We are delighted to announce funding for nine organisations working to support members of the Windrush generation.

The Windrush Justice Fund was created in the wake of the Windrush scandal, through the generous donations of the public, and the Mayor of London. 

This is the second, and final, round of funding. It comes at a time when many organisations are facing shutdown or a major rethink of their services, due to coronavirus lockdown. We are supporting organisations to review their projects and services, whether postponing planned events or moving advice sessions online.

Photo courtesy of The Pilgrim Church 

The successful projects in round two are:

Funding of £5,000 has been granted to the Black Cultural Archives to continue their work providing public outreach, and organising legal advice sessions. The funding supports a programme of events that included a large public information session in January 2020, followed by legal advice surgeries. The team have moved swiftly to take legal advice sessions online following lockdown and are looking at alternative models of outreach.

 

The Croydon African Caribbean Family Organisation has been granted £2,000 to support their outreach work, providing affected people with information on how to secure their status, claim hardship funding or apply for compensation, including referring people to legal advisors.

 

North Kensington Law Centre was granted £3,000 to support its work supporting people to claim compensation from the Windrush Compensation Scheme. The offers of compensation received so far have been totally inadequate, and the team are supporting people to appeal.

 

Northamptonshire Rights and Equalities Council has received £3,000 to provide a series of advice sessions to support people to make applications under the Windrush scheme. Originally planned as events in Northampton and Wellingborough, these advice sessions are being redesigned to run online, ensuring that in spite of the lockdown support will be available for people making applications.

 

The Centre for Migration Advice and Research has received £5,000 towards its work providing legal workshops to enable people to apply to the Windrush Task Force for immigration status documents, to obtain assistance from the Vulnerable Person Team for hardship payments and to help people to make claims for compensation and redress. Prior to this application the team had already seen over 600 people affected by the Windrush scandal and will use the funding to continue delivering these sessions.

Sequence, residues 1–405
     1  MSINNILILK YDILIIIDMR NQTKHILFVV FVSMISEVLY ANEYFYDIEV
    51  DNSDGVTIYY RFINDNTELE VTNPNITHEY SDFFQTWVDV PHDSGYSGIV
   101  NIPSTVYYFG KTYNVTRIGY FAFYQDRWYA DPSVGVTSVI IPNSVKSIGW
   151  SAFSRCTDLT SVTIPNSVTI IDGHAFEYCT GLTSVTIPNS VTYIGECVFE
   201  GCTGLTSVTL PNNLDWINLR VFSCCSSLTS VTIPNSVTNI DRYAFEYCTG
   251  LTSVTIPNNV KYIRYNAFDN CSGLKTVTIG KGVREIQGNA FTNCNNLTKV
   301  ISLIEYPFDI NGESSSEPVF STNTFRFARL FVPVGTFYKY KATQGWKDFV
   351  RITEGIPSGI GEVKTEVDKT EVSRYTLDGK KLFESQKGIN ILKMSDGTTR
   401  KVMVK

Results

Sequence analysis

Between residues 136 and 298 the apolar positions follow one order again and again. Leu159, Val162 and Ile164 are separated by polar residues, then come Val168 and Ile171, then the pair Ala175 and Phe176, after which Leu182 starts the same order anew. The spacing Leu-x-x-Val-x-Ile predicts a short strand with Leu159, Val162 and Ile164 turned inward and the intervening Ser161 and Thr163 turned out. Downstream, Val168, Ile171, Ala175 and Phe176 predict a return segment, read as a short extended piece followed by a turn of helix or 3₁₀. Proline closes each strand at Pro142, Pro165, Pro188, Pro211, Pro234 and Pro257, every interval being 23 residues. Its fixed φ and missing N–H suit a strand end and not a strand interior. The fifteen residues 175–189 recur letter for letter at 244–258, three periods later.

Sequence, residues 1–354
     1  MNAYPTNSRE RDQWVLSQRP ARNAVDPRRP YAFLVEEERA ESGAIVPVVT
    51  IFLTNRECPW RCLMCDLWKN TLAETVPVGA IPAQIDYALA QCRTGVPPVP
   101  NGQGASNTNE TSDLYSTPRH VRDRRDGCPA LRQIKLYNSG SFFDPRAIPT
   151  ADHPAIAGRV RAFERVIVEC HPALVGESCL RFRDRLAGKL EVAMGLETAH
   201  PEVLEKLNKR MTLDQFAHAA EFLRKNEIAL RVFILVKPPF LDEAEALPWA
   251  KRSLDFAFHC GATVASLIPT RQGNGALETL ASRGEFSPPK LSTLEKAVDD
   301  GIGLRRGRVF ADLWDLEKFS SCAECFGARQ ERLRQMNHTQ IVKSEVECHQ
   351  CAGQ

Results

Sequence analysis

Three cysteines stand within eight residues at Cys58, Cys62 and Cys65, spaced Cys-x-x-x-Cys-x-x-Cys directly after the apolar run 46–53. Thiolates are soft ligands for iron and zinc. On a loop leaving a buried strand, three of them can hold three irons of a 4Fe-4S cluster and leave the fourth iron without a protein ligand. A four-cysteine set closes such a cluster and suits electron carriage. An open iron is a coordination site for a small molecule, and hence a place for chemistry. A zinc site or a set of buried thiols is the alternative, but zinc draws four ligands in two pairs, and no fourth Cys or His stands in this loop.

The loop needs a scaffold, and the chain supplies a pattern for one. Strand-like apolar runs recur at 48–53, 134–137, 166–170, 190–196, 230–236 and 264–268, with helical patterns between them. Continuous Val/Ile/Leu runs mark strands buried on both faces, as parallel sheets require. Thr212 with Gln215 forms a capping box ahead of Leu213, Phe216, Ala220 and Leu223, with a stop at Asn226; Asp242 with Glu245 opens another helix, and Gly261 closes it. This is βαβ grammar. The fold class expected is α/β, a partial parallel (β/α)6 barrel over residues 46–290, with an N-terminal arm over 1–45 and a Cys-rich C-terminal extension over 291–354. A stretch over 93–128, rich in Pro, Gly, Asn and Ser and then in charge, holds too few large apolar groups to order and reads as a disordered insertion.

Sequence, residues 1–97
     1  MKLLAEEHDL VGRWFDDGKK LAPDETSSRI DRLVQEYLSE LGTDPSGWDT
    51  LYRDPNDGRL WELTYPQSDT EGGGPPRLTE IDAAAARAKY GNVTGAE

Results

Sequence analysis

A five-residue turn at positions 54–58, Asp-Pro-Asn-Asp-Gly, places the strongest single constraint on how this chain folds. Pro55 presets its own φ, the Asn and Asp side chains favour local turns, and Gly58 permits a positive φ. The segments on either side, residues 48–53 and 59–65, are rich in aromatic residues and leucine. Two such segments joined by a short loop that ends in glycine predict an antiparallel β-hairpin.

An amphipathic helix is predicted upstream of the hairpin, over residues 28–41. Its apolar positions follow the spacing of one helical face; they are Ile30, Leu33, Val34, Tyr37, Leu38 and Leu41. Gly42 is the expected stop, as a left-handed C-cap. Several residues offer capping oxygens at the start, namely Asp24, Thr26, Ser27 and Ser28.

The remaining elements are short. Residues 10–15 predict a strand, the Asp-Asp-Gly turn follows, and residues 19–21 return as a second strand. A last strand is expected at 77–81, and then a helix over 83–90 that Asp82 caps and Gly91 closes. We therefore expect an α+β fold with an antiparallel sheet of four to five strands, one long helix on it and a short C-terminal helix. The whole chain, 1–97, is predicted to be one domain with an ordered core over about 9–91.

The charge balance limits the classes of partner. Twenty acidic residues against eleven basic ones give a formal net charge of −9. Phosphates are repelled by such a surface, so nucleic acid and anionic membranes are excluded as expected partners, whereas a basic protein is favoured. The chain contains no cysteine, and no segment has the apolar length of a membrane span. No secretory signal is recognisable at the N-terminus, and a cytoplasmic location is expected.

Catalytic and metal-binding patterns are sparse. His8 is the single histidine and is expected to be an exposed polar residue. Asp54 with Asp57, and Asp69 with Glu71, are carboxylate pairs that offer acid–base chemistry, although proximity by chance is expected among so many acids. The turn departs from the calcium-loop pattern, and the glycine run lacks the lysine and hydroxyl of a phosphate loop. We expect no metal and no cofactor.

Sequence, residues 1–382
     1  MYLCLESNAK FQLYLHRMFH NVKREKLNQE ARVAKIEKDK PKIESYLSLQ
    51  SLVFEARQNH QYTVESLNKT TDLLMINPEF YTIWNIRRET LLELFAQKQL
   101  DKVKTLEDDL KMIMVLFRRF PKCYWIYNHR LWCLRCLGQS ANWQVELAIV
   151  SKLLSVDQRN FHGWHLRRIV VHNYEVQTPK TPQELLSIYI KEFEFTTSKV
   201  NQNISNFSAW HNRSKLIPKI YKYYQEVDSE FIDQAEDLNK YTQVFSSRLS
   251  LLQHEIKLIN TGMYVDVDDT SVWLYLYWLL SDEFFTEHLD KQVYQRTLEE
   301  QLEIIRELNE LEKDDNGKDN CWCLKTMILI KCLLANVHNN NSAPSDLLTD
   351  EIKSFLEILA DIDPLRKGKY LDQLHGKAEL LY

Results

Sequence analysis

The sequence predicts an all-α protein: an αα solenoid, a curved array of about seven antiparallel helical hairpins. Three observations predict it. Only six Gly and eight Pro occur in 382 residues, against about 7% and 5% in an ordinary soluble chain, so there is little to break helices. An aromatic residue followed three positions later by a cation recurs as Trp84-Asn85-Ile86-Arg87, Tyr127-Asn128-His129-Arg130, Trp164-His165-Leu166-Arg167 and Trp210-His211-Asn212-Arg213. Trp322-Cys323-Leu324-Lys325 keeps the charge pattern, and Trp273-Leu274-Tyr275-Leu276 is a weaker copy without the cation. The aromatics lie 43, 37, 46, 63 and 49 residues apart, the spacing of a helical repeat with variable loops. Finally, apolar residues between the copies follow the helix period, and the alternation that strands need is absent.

Preston Windrush Generation and Descendants UK received £3,100 towards their outreach work across Chorley, Preston and Blackpool. This is set to include advocacy, surgeries on the compensation scheme, one to one sessions, wellbeing support sessions and online and phone support.

 

The Pilgrim Church, Nottingham, received £3,000 towards the ongoing programme of support. The team has a strong track record of supporting those affected by the Windrush scandal, through regular advice sessions, one to one appointments and outreach through local groups and services. Funding in round one also supported the team to carry out engagement work through local media, raising awareness of the support available to those affected.

 

The Windrush Movement UK has received £3,300 to support its community engagement work, reaching out to those affected through partnerships with other community and faith groups and local media. One to one sessions will be available to support people to make applications.

 

Windrush Defenders Legal C.I.C received £5,000 to support people affected by the Windrush scandal across Greater Manchester, Preston, Leeds and the Northwest. The team will deliver community engagement work as well as offering assistance with applications to the Windrush scheme and claims for compensation.

 

Read about the five projects supported in round one here.